The 1850 census contains the total value of imports and exports by state, statistics and names of the major imports and exports, the total values of shipping by state, and the value of imports and exports with various individual countries. The United States traded most with the United Kingdom. The imports and exports with the United Kingdom were both valued around 145 million dollars.
Federal Debt
This census contains yearly federal debt totals, total federal revenues, and total expenditures from 1790 to 1853. The total debt of the United States on July 1, 1854, was roughly 47.2 million dollars.
Taxation
The census contains some calculation of total annual federal taxes, but it is incomplete. It does however, give state taxation totals.
Transportation and Communication
This census calculates the total cost, size, and quantity of railroads and canals. The funded debt for railroads and canals in 1853 was 130 million. Their gross earnings were more than 38 million dollars. This census also contains estimates for growth in mileage of telegraphic lines in the United States. In 1853 the country contains 89 telegraph lines that stretched 23,261 miles (37,435 km). When published in 1854, the country had an estimated 30,000 miles (48,000 km) of telegraphic lines, a drastic increase.
Education
This census displays the advances of the United States in education and literacy by documenting the number of libraries, the number of schools (public, private, and colleges), state literacy rates, the total newspaper production and consumption, the educational levels of differing races, the total value of tuition costs, the amount of federal land given for education, and other various statistics.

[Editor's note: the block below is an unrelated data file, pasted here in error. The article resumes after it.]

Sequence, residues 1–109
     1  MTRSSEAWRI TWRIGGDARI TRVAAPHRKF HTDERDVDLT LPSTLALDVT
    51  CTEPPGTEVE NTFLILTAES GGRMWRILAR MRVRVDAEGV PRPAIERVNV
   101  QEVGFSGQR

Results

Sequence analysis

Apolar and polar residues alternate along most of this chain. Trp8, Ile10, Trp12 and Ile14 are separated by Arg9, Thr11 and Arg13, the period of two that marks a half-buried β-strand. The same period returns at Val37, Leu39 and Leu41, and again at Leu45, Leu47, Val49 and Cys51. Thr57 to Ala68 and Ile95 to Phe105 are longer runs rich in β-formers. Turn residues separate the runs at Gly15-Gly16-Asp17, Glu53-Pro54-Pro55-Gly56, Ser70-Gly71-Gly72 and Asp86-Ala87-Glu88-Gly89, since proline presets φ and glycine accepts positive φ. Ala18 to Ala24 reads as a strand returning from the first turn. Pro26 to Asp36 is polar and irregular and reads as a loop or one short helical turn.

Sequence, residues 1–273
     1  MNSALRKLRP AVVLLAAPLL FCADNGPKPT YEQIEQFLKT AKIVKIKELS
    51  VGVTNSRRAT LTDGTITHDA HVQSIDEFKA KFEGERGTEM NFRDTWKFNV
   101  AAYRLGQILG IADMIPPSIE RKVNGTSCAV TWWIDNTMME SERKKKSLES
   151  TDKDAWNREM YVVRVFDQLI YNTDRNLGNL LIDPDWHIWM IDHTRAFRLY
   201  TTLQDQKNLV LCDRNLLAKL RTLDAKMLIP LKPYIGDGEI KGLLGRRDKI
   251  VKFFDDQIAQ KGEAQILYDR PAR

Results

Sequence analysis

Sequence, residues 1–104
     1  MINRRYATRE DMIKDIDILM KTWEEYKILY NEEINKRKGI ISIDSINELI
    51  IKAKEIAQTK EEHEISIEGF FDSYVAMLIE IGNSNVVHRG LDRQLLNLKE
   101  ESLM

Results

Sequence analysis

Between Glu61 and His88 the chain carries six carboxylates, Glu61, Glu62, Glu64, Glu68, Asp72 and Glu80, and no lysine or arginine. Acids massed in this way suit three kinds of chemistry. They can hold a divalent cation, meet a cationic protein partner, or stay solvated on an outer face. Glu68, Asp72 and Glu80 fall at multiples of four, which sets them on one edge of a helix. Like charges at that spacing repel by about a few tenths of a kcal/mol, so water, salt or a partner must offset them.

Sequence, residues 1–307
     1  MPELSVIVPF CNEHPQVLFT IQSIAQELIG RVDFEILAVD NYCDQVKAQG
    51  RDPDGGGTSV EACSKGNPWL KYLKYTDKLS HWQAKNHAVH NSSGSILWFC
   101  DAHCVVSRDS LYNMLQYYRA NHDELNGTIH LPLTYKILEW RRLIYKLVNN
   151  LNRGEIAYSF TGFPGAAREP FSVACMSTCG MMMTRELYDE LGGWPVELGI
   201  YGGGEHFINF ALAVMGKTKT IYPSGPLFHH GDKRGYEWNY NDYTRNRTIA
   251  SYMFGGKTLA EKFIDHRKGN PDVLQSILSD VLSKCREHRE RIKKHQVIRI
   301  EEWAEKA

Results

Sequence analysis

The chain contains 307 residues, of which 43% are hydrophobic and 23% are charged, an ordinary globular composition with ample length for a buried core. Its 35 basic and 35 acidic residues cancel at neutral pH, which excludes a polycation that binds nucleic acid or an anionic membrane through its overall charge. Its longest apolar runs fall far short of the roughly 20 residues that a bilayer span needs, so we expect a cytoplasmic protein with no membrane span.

Land Expansion
The 1850 census shows the great amount of territorial expansion that took place in the United States, following the Admission of Texas, the Oregon Treaty, and the Treaty with Mexico. These three pieces of land totaled an addition of more than a million square miles to the nation. In 1850, the United States contained 31 states and 4 organized territories (Minnesota, New Mexico, Oregon, Utah).
Significance
The 1850 United States Census can be seen as a historical document that gives insight into the state of the nation's economy in 1850. It is much more detailed and provides more information than the 1840 census.

This census was during a very important period of growth and innovation in the United State, the Industrial Revolution. The statistics in this census provide data on the rate of growth that was taking place in 1850, that would lead to the emergence of the United States as an economic world power. Many of the statistics were compared to those of Great Britain and other world powers. This shows where the United States stood economically relative to the rest of the world.

Data availability

Microdata from the 1850 population census are freely available through the Integrated Public Use Microdata Series. Aggregate data for small areas, together with compatible cartographic boundary files, can be downloaded from the National Historical Geographic Information System.

State rankings